The student-run newspaper of the Liberal Arts and Science Academy

The Liberator

The student-run newspaper of the Liberal Arts and Science Academy

The Liberator

The student-run newspaper of the Liberal Arts and Science Academy

The Liberator

Reflecting on the Benefits of High School Debate

Yao Yao Chen
STATE SUCCESS | Seniors Eleanor Barrett and Jack Dollinger and Juniors Anita Sosa and Christian Bohmer are state co-champions. This is the second time the LASA debate team won the state tournament.

The LASA debate team has had many successes and wins in the past couple of years. Last year, the team won the national tournament known as the Tournament of Champions, and had the number one spot on the coaches poll, a list decided every few months by coaches nationwide ranking different debate teams. This year, the team won the Texas Forensic Association State Tournament and has won other national-level tournaments such as the Emory and Michigan debate tournaments.

Freshman Eyal Rosenburg is a first-year member on the debate team. He explained that debate, contrary to what people initially think, requires more than simply using persuasive techniques like pathos or ethos in an argument. 

“It’s more a game of research and knowledge and learning instead of actually trying to convince someone,” Rosenberg said. “We have to talk really fast, that’s one of the things we learn to do. A lot of my friends will be like, ‘that’s dumb how do you convince anybody when you’re talking really fast?’ But, it’s more about getting a lot of arguments in because the judges are used to people talking fast.”

Senior Eleanor Barrett, the president of the debate team, believes that debate has many educational benefits such as improved research skills. According to Barrett, although debate can sometimes be a dozen hours of work a week, it can be enjoyable and very fulfilling in the long run.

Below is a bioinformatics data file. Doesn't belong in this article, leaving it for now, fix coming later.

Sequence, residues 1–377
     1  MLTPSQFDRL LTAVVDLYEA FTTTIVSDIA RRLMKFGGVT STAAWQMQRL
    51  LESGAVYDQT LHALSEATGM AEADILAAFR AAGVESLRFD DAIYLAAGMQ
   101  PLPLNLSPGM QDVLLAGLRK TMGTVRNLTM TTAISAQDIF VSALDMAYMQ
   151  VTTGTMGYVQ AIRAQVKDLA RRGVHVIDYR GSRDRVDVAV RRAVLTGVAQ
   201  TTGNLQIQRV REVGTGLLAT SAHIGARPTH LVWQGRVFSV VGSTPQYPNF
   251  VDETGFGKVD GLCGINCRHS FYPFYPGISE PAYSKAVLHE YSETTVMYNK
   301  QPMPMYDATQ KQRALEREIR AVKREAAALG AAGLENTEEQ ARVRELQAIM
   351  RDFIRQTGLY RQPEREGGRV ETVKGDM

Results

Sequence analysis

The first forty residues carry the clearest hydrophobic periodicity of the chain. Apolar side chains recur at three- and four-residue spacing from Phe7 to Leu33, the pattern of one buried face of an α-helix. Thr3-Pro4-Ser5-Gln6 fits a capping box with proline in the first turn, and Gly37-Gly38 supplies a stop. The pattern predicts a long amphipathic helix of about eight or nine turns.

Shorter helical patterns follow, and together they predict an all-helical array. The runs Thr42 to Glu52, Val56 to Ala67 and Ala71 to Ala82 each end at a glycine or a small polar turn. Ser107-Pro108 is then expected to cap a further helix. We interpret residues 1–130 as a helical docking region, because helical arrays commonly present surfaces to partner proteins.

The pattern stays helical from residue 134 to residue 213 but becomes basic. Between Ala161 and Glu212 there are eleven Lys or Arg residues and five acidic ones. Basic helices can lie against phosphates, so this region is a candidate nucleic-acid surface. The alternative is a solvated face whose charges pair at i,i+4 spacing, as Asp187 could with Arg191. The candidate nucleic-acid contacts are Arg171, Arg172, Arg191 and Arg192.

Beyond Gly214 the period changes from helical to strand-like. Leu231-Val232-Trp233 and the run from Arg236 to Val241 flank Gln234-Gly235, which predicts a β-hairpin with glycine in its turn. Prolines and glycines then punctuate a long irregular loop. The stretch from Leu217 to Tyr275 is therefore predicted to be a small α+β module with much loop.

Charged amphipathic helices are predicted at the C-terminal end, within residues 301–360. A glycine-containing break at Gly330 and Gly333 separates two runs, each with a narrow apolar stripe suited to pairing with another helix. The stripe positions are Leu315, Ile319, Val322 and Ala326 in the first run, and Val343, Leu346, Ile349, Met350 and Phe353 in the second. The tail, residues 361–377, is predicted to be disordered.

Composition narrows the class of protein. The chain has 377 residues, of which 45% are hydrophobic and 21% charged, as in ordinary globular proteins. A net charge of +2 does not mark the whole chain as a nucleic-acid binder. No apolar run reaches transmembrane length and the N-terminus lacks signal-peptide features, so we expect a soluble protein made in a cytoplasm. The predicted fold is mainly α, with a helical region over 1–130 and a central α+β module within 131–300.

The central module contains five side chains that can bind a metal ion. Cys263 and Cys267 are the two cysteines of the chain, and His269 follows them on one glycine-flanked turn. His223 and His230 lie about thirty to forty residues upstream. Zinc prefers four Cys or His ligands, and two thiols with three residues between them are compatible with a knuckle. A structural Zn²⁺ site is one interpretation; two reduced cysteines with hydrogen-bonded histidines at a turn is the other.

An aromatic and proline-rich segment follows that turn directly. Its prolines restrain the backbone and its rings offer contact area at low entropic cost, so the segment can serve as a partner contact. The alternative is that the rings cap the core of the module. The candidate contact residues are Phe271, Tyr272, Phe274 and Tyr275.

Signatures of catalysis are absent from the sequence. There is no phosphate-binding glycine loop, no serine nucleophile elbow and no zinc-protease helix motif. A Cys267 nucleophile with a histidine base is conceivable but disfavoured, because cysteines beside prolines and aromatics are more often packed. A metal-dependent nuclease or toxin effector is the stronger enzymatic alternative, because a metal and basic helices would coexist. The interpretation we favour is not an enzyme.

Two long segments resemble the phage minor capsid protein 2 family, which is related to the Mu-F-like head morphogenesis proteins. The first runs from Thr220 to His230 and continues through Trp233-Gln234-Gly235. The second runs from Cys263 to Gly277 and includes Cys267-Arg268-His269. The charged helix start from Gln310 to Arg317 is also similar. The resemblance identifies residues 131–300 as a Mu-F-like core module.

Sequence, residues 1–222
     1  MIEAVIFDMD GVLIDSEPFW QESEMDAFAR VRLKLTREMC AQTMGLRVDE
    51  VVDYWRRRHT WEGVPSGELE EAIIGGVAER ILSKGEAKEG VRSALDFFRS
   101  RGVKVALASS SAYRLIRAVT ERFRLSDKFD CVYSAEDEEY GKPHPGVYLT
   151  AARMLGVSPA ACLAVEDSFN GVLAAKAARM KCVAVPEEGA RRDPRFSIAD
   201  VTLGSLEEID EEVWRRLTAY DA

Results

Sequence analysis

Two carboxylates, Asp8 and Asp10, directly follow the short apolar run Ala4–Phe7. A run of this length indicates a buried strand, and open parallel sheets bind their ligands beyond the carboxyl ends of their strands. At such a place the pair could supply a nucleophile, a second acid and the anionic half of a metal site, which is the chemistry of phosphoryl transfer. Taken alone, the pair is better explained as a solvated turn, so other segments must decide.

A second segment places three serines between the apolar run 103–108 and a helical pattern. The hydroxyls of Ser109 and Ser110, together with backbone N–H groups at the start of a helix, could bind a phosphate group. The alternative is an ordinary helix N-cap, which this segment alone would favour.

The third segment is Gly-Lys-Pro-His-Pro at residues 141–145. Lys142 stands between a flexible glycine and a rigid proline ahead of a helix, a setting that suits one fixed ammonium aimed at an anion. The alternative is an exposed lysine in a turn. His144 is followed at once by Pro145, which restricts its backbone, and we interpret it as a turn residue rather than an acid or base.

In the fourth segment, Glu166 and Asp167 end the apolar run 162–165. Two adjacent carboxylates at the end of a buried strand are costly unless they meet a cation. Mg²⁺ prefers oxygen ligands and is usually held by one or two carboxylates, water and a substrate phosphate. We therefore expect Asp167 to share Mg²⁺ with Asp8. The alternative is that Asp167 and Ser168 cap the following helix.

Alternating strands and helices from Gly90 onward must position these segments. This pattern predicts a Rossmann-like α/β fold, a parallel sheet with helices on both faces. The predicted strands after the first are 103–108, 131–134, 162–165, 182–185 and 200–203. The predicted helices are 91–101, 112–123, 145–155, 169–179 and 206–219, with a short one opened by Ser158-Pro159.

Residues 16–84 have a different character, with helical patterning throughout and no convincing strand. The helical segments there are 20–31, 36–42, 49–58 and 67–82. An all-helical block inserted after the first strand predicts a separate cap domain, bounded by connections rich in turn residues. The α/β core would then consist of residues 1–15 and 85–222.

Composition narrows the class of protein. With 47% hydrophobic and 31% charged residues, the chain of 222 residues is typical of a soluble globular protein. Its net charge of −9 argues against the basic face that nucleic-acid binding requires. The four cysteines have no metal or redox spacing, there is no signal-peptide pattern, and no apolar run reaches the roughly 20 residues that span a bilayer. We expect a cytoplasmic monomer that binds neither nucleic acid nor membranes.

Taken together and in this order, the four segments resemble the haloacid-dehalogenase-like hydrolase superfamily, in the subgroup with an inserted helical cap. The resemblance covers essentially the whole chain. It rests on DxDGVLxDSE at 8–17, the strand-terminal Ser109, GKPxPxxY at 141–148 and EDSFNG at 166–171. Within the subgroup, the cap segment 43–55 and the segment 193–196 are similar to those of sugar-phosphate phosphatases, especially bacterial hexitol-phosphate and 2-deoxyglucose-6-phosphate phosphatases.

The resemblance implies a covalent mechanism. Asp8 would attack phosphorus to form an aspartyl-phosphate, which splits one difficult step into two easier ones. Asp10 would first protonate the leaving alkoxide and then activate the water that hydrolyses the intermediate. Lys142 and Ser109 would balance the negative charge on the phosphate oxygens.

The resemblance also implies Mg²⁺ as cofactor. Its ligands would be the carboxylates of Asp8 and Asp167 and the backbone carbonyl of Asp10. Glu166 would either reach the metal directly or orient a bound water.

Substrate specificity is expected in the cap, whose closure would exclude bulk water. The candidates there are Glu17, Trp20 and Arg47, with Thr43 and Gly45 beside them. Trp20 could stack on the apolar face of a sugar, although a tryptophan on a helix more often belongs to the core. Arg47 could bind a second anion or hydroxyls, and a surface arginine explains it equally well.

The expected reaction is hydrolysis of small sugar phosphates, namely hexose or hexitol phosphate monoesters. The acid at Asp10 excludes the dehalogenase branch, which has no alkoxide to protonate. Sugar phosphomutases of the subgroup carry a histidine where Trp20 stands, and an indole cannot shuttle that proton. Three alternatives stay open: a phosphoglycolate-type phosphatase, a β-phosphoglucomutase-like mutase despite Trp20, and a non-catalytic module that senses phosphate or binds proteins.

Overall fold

“There’s a lot of benefits,” Barrett said. “For one, just competition is really enjoyable. It’s kind of fun to compete and debate and argue. Secondly, you learn a lot. It teaches you about research, public speaking, critical thinking, and it teaches you a lot about media literacy. And thirdly, debate also is really big for college applications. I got a full ride for debate, for example.”

Additionally, Barrett mentioned keeping up with both homework and schoolwork is often a problem that arises when preparing for debate. According to her, being good at debate requires a lot of work to be put into the activity and prioritizing debate preparation.

“You just have to be really disciplined about managing your time and not wasting time,” Barrett said. “You have to be extremely motivated. The people that are going to be good at debate have to really want to.”

On the other hand, senior Levi Rosenthal prioritizes school over the debate team. Although he appreciates how it is an engaging and interesting way to engage with current issues, he views it as a fun side activity and focuses on homework and studying.  

“I view debate more casually than some people do,” Rosenthal said. “Some people will debate over their schoolwork. That’s fine, but I just personally find a nice balance by reminding myself that debate is just a game at the end of the day and that workload for debate should not be outpacing my schoolwork.”

According to Rosenberg, in addition to the preparation aspect of debate, the competitions can also be very stressful. He explained that there are many necessary steps to stay prepared for debate like scouting other teams’ arguments, updating your evidence, and doing practice debates. 

“You have to go onto there and figure out what they are going to read and make answers to all that sort of stuff to make sure you are ready,” Rosenberg said. “You also just have to get better at debate to prepare. You can do practice debates, you can do practice speeches where you simulate up to a certain speech. There’s a bunch of other drills that you can do like case drills and panic drills to get better at debate.”

According to Barrett, debate can be both a physically challenging activity to do and be equally challenging mentally. However, Barrett finds that even with all its difficulties, it’s a fun activity to do. 

“Debate can be emotionally difficult,” Barrett said. “When you spend that much time on something, you’re really invested in the results…but tournaments, like the actual debating, are really exciting. It’s really adrenaline-inducing.”

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